A muscle pain flare is defined as an exacerbation or worsening of what may already be minor pain. However, people may use various timeframes for what is considered to be a flare, but usually, it can be several weeks of the symptoms worsening. A shorter period is considered waxing and waning of the symptoms, but that depends on the type of muscular pain being felt.
Times of isolation, such as during an illness or staying indoors mostly during winter, can also lead to a pain flare, usually of old joint and muscle injuries. That is why it is important for people to keep moving even if their bodies do not want to move. Even if scar tissue has been minimized, pain associated with the scar can still resurface when you get out of your rhythm and routine. It is best for your physical and mental health to avoid large fluctuations in your pain cycle by staying in your routine.
So, the question is, how do you manage or even avoid those flares?
Steps to Avoid Pain Flares in Muscles
You can take specific actions which will help you avoid pain flares in muscles and at least minimize any painful flareups. Here are a couple of things to keep in mind:
You will want to make sure to walk around a lot, which helps take a break from excessive sitting that you might be engaging in as part of your work or current routine.
Hydration is essential even if you want to avoid cramping. Make sure you drink around 3 bottles of water a day.
Are there any non-drug pain relievers that worked for you in the past? Make a list and keep it handy. Generally, those things will include:
If you have chronic muscle pain, keep your muscles as warm and supple as possible.
If you are chronically cold, your muscles will tense up and worsen your chronic pain.
Consider meditation – Lookup YouTube videos for meditation, Qi Gong, Tai Chi and Yoga. Following along can help relax your muscles.
Try some hot tea to keep you warm from the inside out.
You Will Want to Keep Moving As Much As Possible
One of the best ways to avoid pain flares in muscles is to continue exercising. If you didn’t exercise regularly previously, now would be a good time to start. If you are stuck indoors owing to the current restrictions, there are many exercises you can do indoors.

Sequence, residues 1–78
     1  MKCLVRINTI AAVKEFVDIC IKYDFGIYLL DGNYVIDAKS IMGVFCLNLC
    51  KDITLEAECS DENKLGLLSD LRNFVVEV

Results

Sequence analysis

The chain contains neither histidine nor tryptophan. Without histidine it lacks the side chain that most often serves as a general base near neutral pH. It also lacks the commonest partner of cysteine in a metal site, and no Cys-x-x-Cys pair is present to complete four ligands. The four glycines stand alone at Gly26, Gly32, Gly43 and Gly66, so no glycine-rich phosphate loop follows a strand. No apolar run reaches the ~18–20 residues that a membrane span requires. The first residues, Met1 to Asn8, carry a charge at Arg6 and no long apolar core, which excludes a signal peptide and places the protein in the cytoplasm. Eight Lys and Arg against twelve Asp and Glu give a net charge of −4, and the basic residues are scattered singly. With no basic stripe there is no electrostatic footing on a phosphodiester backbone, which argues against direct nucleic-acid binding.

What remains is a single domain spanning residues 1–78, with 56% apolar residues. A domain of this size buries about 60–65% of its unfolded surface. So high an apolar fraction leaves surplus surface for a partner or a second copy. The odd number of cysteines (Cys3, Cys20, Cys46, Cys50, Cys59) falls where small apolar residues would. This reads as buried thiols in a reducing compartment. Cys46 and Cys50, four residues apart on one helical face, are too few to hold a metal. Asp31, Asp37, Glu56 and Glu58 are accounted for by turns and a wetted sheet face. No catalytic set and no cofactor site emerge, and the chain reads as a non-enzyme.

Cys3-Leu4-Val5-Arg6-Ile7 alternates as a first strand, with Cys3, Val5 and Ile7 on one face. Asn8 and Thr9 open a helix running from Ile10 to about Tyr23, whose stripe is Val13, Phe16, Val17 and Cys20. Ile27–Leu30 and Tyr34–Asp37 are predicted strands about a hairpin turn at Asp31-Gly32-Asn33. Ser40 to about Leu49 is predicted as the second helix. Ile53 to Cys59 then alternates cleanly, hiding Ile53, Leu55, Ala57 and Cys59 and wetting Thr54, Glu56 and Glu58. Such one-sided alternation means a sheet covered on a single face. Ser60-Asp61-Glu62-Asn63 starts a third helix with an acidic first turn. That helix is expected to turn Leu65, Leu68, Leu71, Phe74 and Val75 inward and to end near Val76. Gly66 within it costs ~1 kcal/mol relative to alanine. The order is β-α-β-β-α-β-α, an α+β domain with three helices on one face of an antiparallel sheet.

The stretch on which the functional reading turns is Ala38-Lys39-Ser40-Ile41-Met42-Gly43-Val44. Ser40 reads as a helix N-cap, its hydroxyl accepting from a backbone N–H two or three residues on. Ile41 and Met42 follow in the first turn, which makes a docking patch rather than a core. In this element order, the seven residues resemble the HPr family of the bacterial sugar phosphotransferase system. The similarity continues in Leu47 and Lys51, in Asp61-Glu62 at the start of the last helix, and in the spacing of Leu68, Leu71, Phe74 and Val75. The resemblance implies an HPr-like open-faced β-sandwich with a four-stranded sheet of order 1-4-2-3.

Start by setting up an area in your home. You should have enough space to roll out, stretch and warm up your muscles. If you can add an elliptical trainer or jogger in there, all the better.
Start by making sure that you take the time to warm up. Warming up will ensure that your muscles are supple, which makes exercising more manageable and reduces instances of muscle pain. Cold muscles tend to tense up and will make the pain worse.
Muscle wellness: How to Stretch and Avoid Pain
Before exercise: The best way to stretch for anyone trying to avoid flares in muscles is to do what’s called dynamic stretching exercises. What that means is that instead of trying to hold in a stretch position, you slowly stretch your muscles while in motion, like performing walking lunges or rolling the neck.
Do as many stretching exercises to cover most parts of your body. It shouldn’t take more than a couple of minutes to complete a basic routine.
After exercise: Once you are done exercising you can then use a foam roller to remodel your scar tissue and soft tissues, which promotes blood flow in those areas that are particularly stiff or tender. The flowing blood promotes healing, prevents injury, and is a natural pain reliever.